Just as you'd expect from a conservative president who respects states' rights as long as they don't deny people their Constitutional rights, Obama's Justice Department will only enforce federal law within the states that aim to reduce harm (including serious crime).

    For example, DOJ will still prosecute individuals or entities to prevent:
    • the distribution of marijuana to minors;
    • revenue from the sale of marijuana from going to criminal enterprises, gangs and cartels;
    • the diversion of marijuana from states where it is legal under state law in some form to other states;
    • state-authorized marijuana activity from being used as a cover or pretext for the trafficking of other illegal drugs or other illegal activity;
    • violence and the use of firearms in the cultivation and distribution of marijuana
    • drugged driving and the exacerbation of other adverse public health consequences associated with marijuana use;
    • growing of marijuana on public lands and the attendant public safety and environmental dangers posed by marijuana production on public lands;
    • preventing marijuana possession or use on federal property.
    But not for mere possession or use.

    Just as it should be if you believe in liberty.

    Now, let's see what happens in this grand experiment.

    PS, it's all over the news!

    Tuesday, August 27, 2013

    Stories NOT in the news today

    Here are some important news stories and serious media analyses that are NOT in the mainstream news today.

    The first is about the shift from a social welfare state (where we aim to help our fellow citizens by providing for their general welfare, as noted in our nation's founding documents) to a social control state (where we aim to control everything people do in order to protect them from serious threats
    (both imagined or manufactured and real).

    The second is about the growing and impressive power of large banks (the very actors who were found to be responsible for crashing the US economy in 2008).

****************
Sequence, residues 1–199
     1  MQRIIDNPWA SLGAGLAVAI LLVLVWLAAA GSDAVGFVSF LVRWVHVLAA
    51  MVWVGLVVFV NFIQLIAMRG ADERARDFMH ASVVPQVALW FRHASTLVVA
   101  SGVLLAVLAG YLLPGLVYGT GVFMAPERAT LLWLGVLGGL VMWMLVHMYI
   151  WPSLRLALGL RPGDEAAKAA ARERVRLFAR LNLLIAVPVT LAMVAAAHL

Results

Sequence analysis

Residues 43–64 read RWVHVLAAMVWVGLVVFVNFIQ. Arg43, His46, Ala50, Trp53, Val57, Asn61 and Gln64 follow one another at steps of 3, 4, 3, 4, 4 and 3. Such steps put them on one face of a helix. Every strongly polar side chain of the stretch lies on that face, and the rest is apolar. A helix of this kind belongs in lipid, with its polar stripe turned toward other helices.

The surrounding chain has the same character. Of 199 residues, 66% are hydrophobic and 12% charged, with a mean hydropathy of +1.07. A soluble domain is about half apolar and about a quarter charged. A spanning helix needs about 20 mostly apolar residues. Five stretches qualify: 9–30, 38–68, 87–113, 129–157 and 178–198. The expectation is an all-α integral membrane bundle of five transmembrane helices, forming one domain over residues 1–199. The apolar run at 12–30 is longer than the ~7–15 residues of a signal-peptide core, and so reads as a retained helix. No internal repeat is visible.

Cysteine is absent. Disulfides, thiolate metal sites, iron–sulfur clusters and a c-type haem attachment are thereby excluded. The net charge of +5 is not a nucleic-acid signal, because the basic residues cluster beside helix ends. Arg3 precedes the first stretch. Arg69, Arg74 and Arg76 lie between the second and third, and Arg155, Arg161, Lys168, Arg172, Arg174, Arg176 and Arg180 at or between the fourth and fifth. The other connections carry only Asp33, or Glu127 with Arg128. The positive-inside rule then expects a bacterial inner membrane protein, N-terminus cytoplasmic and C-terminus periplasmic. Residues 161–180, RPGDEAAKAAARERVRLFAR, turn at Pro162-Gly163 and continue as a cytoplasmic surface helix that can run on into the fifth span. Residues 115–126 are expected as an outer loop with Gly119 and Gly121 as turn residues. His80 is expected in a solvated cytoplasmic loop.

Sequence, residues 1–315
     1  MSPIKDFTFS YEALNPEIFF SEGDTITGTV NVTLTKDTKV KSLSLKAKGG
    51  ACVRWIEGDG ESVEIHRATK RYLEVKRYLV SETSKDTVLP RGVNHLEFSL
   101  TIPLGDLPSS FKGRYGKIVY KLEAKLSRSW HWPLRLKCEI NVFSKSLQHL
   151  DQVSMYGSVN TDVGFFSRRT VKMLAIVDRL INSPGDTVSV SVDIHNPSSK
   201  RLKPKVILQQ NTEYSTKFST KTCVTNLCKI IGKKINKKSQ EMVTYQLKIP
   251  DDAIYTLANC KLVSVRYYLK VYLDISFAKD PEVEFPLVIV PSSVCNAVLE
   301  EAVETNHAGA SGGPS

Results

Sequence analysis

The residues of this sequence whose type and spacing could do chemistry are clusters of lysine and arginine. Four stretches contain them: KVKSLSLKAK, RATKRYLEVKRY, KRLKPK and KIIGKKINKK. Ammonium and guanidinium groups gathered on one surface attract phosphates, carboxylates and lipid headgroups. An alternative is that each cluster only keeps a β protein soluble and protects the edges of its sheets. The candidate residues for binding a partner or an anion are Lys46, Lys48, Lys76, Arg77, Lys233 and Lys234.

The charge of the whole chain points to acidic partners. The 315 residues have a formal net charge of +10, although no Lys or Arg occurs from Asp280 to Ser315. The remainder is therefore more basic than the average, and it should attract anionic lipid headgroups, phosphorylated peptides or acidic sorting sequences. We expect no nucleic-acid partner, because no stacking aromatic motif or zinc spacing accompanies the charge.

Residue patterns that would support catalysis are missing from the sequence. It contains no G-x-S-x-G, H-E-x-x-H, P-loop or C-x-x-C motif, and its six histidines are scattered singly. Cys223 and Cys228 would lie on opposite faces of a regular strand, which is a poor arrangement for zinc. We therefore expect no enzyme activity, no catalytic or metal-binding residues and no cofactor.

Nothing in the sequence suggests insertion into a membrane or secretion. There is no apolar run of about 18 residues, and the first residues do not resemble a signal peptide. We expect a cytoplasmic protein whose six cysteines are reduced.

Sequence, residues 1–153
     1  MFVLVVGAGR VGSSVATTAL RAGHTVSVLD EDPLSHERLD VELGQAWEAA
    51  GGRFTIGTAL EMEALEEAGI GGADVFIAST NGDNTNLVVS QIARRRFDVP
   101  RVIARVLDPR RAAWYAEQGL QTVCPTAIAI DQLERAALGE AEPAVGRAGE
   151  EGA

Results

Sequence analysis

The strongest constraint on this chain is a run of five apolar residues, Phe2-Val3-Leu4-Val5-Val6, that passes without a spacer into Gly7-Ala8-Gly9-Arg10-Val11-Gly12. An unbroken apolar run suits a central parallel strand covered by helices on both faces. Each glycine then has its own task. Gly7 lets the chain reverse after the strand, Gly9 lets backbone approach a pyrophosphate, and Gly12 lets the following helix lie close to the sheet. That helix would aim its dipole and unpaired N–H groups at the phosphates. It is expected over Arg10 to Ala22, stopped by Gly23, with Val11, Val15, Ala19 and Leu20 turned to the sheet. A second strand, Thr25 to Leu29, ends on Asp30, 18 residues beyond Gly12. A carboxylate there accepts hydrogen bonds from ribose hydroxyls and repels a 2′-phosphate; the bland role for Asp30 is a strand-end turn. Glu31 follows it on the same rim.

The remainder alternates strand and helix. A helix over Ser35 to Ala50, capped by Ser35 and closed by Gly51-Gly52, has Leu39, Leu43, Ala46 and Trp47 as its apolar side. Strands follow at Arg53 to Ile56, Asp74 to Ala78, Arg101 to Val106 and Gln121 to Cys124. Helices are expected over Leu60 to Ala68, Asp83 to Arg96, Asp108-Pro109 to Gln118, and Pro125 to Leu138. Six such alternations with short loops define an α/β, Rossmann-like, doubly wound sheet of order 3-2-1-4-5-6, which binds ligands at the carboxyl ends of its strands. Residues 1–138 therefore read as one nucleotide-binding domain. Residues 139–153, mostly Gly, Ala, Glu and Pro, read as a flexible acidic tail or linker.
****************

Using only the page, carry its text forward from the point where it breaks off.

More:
2013 0821rob sf

    2013 0827aa1

    The Leveraged Buyout of America

    Now you won't see these stories in the mainstream news (since they are owned and operated by large corporations. But you will see them in and hear about them in TruthOut, PBS, NPR, ProPublica, etc.

    So use those sources as much as you can.

    Monday, August 26, 2013

    An example of media negativity

    In the book I show how negative the media tend to be.

    That is, the news media tend to be attracted to the worst in us. And the worst of events. This includes crime.

    But it is so much bigger than that.

    On Friday I was driving around here and there while listening to NPR (recall from the book that NPR does a much better job of keeping people informed of objective facts than say mainstream TV news stations).

    One story caught my ear. It was about Tiger Woods.

    Yes, that Tiger Woods.

    The question was, what's wrong with Tiger? As in, how come he has not won a major tournament in years?

    How come he seemed poised to take the title of "most major championships" away from Jack Nicklaus and then suddenly, he cannot buy a win at a major?

    My first reaction was, did the media forget about the Tiger Woods scandal--the story about a man clearly out of control in his private life--kept alive for so long in the media itself? Because, yeah, that is what explains it.

    Incredibly, the reporter on NPR pointed out that Tiger Woods leads all professional golfers with the most victories this year on tour--five. Next best? Two.

    And he tops the money list.

    And he leads the points standings for overall best golfer.